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Nabors Blamed in Death of Oilfield Worker

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dustin The Occupational Health and Safety Administration has placed Nabors Completion and Production Services Co. on its list of the nation’s most dangerous employers after finding the company could have prevented a massive explosion that killed a 28-year-old Marine combat veteran in October 2014.

Dustin Payne’s employer “failed to clean the water hauling tank thoroughly” prior to welding and cutting operations that killed him in North Dakota, OSHA investigators found, issuing one willful and four serious safety citations and proposing fines of $92,000.

“Payne and his fiancée should be discussing marriage and their future together. Instead, she is left stricken and trying to move forward without him,” said Eric Brooks, OSHA’s area director in Bismarck. “This tragic incident was recognizable and preventable.”

Last year, OSHA placed a different subsidiary of Nabors Industries Ltd., a Bermuda-based company that maintains a corporate and executive office in Houston, on a list called the Severe Violator Enforcement Program. However, that subsidiary, Nabors Drilling USA, was later removed from the list, after Nabors went to court and successfully contested part of the violations related to a different North Dakota death.

Nabors spokesman Dennis Smith did not immediately return an e-mail from the Chronicle seeking comment. The company has 15 business days from receipt of its citations and penalties to comply, request an informal conference with OSHA’s area director or contest the findings before an independent commission.

A 2014 Houston Chronicle investigative series on oilfield accidents found that Nabors Drilling USA had reported more deaths than nearly all other oil and gas employers involved in drilling, well service or petroleum extraction businesses. From 2007-14, the Chronicle found that three Nabors sister companies – Nabors Drilling USA, Nabors Well Services Co. and Nabors Completion and Production Services Co. – together had reported at least 18 fatal accidents or worksite deaths to OSHA, according to a review of records from multiple states.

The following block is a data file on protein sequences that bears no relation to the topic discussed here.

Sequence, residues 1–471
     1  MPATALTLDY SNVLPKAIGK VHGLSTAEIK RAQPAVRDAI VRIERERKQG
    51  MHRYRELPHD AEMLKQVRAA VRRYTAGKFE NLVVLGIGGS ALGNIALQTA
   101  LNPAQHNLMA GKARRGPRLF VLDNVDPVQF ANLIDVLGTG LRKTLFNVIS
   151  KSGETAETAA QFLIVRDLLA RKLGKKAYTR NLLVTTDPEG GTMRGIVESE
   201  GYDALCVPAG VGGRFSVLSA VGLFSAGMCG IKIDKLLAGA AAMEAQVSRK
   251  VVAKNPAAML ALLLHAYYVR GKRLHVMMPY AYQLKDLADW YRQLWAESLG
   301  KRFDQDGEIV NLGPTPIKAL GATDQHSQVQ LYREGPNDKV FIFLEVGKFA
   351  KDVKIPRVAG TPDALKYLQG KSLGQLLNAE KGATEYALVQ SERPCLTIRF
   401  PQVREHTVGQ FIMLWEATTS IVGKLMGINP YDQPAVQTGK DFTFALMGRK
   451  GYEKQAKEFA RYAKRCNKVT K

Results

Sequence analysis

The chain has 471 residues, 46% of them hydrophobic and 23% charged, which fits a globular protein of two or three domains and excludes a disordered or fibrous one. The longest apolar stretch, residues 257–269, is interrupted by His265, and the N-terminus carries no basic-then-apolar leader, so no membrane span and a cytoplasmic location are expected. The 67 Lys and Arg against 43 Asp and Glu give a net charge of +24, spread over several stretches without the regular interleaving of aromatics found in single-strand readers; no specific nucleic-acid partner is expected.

A previous analysis by the newspaper showed that Nabors Drilling and Nabors Well Services had reported more deaths in Texas than any other similar oilfield employer in the boom years from 2007-11.

Federal statistics, which run about two years behind, show that Texas and North Dakota have had some of the nation’s highest reported oilfield deaths. From 2008-2012, Texas reported 216 deaths and North Dakota reported 31 out of a national total of 545, according to the Bureau of Labor Statistics. Oilfield deaths declined in Texas in 2013 compared to a decade high of 65 in 2012. But OSHA reports oil and gas and construction-related fatal accidents in North Dakota have continued to rise – with 21 killed from January 2012 to July 2014.

Article by Lise Olsen
Source: Houston Chronicle

Comment(0)

  1. while I am grateful for this family to have the possibility of seeking justice, I know first hand what it feels like to have Nabors get away with the death of a loved one. On November 18,2014 my husband slipped on his Nabors location and died before I was able to get to him.
    After 5 months of waiting OSHA determined that while not citing them at this time there was still significant cause to tell them to remove ice to provide a safer work environment.
    Families come here hoping to make a living in the oil field but they do not understand that the lives of their loved ones are worthless to the companies they work for. My four children are now fatherless and neither the government or Nabors will force anyone to take responsibility for his death.
    Lives are not always changed for the better here in the Bakken oil field.

  2. I just quit nabors the worst company I ever worked for I was there 3 calendar years there is an operator in Sonora Tx that was literally trying to knock me of the Derrick today was enough I quit. No matter how many ppl I talked to no-one did anything about it.

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